When I was working on my masters of library and information studies degree it was (and may still be) fashionable for libraries to discontinue use of formal classification schemes (like Dewey, Library of Congress, or my favourite KF Modified) and switch to a bookstore model of organization by topic. This was described as being an improvement over other options because the majority of people using libraries don’t understand what the numbers mean, and this helps them find books on subjects they are interested in without having to learn the scheme first. Of course there were both those . . . [more]
Archive for the ‘Legal Information’ Columns
This topic was inspired by Lyonette Louis-Jacques’ post on Homebrewing Laws Worldwide. Shortly after reading her post, I found an article about a Wisconsin law in effect in the 1930’s that required restaurants to serve a small amount of butter and cheese at every meal. This law was probably meant to support dairy farmers recovering from the Great Depression and was only in effect for two years. Since I am a part-time Wisconsin Cheesehead, I set out to do some research on the law of cheese and cheese making. Prior research had confirmed that cheese and beer are . . . [more]
Increasingly law librarians are asked not just for help with legal research but also with business research. One of the most frequent requests is to find information on a company. There are some fantastic paid databases that you can use for this kind of research, but not all legal professionals have access to these resources. Fortunately, there are also a number of free online resources that can used to research Canadian companies.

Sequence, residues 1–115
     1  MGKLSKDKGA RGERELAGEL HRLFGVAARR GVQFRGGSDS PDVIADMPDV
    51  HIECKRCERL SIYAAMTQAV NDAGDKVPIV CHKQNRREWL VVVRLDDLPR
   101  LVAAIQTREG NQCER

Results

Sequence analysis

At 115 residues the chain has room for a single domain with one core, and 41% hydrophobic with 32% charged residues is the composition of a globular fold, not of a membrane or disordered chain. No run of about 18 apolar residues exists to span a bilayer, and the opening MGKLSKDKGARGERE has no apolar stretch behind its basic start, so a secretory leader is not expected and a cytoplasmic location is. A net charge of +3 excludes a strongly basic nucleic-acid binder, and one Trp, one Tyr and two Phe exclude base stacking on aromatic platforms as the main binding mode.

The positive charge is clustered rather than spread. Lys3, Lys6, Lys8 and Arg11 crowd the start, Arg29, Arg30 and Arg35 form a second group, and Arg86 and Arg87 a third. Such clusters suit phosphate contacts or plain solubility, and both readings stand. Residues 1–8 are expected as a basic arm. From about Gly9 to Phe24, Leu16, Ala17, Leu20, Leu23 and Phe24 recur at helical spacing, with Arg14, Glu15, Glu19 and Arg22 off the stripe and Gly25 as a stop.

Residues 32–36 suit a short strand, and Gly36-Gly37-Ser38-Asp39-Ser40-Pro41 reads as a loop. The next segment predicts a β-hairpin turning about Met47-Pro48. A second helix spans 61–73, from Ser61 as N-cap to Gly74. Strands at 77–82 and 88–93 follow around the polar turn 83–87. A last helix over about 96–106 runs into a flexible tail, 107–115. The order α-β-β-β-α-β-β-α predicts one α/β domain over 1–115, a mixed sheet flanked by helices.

Step 1: Determine what information are you looking for
The first thing to determine is why are you looking for company information? Are you looking for this information . . . [more]
Professor David Post’s 2009 book , In Search of Jefferson’s Moose, is one of my favorites. Professor Post juxtaposes ideas about creativity and risk-taking as embodied both in the thinking of Thomas Jefferson and in the development of the Internet. It sounds like an odd pairing but it works. Post tells the reader at the beginning that the book represents ideas he has juggled throughout his career, so he writes freely. Reading it brought home to me important truths about the Internet. Post’s thesis is that the band of engineers who created the end-to-end freeway that is the Internet, . . . [more]